By Sarah Hitchcock
If Putin's invasion of Ukraine has proved one thing, it's that any upheaval we experience in the world can be in some way linked back to climate change. The Ukraine crisis and the climate crisis intersect in two prominent ways. Firstly, the regions that are reliant on Russian imports have been left particularly vulnerable to the crisis. Secondly, discussion around the future of energy in Europe is receiving a lot more attention as it has become apparent that the transition to renewable energy is imminently needed.
Europe is extremely dependent on Russian imports and has therefore been left exceptionally vulnerable in the wake of this crisis. Global efforts to sanction Russia for its invasion of Ukraine have shone a light on a problem that is well established within the European Union: There is an urgent need to reduce Europe’s dependency on Russian gas. Due to this dependency, it has been harder for Europe to impose sanctions on Russia as a form of punishment for the brutal actions carried out by the country's dictator, President Vladimir Putin. Diversifying Europe's energy supply would not only limit Russia’s influence and power but energy security in Europe would also be strengthened. In other words, the Ukraine war has revealed an important truth that has long been ignored throughout the climate crisis: access to energy means access to national security.
For context, Vladimir Putin has never been one to care about climate change. There are plenty of ways to validate this statement, but his 2003 statement really takes the cake, “an increase of two or three degrees wouldn't be so bad for a northern country like Russia. We could spend less on fur coats, and the grain harvest would go up.” His lack of awareness concerning a crisis that will hit (and is currently hitting) his country in unimaginable ways is both bewildering and extremely concerning. To make matters worse, with cash flow being directed straight into war-fare instead of critical adaptation infrastructure, it is hard to see Russia coming out on top when the climate crisis hits home.
Without a doubt, the world is watching Europe’s response to the crisis in Ukraine. Unlike the slow and delayed governmental response to climate change, the response to this war, thankfully, has been much more efficient. The European Union has released an ambitious plan to slash Russian gas use by 2⁄3 this year. The report wastes no time, with the introduction stating,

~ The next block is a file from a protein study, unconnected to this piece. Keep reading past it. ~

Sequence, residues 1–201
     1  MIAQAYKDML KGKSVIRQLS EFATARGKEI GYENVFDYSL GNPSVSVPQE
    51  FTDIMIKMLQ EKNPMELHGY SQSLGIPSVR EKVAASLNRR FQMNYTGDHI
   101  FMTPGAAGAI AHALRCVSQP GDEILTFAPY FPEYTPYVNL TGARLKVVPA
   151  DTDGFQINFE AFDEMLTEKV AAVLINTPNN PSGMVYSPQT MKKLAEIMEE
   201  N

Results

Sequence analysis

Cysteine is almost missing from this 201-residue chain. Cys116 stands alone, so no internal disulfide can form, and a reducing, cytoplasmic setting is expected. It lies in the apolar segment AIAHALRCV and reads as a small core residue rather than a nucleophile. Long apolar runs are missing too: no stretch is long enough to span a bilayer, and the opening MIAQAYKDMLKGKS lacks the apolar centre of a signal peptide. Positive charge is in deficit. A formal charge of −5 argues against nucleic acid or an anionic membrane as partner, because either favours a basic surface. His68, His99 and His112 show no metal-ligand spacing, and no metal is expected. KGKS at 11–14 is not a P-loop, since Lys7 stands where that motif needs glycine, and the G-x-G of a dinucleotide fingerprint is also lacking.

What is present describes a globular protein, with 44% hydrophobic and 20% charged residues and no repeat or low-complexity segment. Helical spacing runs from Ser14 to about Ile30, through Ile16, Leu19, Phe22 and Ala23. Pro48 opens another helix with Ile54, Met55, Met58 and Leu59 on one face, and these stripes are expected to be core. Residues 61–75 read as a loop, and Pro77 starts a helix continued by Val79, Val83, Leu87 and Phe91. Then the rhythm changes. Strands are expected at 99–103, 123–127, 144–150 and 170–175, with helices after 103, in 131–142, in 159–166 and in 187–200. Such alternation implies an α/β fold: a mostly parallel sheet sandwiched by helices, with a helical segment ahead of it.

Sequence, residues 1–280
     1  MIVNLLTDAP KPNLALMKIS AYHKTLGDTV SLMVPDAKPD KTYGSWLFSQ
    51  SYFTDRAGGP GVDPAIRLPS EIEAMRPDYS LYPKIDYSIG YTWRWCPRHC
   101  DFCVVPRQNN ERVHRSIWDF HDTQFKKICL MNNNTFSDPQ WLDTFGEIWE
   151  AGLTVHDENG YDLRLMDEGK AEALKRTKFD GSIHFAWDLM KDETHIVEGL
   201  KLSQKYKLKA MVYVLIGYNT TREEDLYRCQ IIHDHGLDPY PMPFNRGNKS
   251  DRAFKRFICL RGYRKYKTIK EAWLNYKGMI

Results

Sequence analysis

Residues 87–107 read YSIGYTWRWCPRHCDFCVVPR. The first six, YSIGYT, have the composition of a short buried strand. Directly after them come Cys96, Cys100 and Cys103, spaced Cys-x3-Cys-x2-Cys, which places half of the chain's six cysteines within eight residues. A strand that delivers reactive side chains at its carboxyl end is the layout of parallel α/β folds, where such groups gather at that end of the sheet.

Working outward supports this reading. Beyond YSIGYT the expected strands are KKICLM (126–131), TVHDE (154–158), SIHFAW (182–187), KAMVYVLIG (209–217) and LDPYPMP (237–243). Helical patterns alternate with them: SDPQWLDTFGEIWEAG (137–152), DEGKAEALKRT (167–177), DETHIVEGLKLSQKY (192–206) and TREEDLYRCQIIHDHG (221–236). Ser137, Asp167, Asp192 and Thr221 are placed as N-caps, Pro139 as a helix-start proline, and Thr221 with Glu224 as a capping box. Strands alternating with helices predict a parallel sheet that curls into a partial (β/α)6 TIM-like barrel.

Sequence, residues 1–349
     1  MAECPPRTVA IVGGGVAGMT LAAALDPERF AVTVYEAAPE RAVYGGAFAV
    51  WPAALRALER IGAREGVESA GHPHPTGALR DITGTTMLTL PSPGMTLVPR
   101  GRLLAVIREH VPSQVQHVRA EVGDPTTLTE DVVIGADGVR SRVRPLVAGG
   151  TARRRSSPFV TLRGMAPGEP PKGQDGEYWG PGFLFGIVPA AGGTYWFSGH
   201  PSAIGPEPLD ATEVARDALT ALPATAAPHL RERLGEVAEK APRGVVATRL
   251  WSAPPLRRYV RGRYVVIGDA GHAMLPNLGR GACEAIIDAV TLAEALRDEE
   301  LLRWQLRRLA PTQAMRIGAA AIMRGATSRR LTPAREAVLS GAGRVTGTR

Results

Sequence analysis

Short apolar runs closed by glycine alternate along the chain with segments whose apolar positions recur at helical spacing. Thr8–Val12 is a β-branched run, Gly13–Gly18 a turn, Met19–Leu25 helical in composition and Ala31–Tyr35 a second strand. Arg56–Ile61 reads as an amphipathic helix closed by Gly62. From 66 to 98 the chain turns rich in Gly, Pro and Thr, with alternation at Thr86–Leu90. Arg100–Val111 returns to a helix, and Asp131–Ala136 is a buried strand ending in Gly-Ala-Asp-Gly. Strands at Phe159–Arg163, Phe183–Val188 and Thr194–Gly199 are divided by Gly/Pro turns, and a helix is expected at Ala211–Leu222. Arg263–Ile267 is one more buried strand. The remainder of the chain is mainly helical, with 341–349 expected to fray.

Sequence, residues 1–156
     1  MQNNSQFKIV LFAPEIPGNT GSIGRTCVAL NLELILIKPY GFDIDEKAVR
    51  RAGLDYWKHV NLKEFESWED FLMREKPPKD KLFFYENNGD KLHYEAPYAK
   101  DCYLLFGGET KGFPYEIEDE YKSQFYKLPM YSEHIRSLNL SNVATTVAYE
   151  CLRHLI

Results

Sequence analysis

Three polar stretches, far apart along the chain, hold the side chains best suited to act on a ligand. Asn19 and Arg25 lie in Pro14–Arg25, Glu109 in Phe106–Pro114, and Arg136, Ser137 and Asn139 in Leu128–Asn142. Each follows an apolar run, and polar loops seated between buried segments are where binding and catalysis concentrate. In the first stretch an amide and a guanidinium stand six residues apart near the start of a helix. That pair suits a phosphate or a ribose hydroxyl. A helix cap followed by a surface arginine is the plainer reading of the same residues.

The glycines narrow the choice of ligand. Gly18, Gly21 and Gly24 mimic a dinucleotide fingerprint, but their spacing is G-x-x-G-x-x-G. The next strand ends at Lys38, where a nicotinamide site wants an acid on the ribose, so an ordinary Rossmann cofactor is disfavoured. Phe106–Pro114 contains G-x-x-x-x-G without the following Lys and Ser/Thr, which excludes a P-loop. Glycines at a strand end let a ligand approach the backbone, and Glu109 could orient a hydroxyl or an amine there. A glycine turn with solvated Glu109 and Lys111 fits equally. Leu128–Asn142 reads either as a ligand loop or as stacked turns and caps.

“Following the invasion of Ukraine by Russia, the case for a rapid clean energy transition has never been stronger and clearer”. Furthermore, Germany is now forecasted to invest 200 billion euros in renewable energy production by 2026. It is hoped that other countries follow suit. Which begs the question: Has it really taken a war for the transition to renewable energy to be deemed undisputedly urgent, despite calls from the IPCC, scientists, and environmentalists to implement this exact transition for decades? Had this guidance been followed earlier, energy systems may not have been weaponized in the way they are today.
It is important to clarify that the Ukraine crisis is not a war over resources. Furthermore, incorporating the climate crisis into discussions around the war is not to be ignorant nor insensitive to the suffering being endured by the people of Ukraine. However, the Ukraine crisis does have multiple implications for resource use. Effectively, Russia is weaponising its influence over European energy supply with a political motive underpinning the country's actions. Hence, it is easy to understand how climate talks have infiltrated discussion around the global response to this war. So, not only would reducing reliance on Russian gas weaken Putin’s political power over Europe, but it would also aid Europe's journey in reaching net-zero emissions.
In short, climate change can no longer be thought of as some sort of externality or entity of its own. It is in some way impacted by every crisis that unfolds in the world today. Hence, to deal with the climate crisis in isolation to other global issues we face today is to misunderstand the complexity and the interconnectedness of environmental, political, social, and geopolitical crises.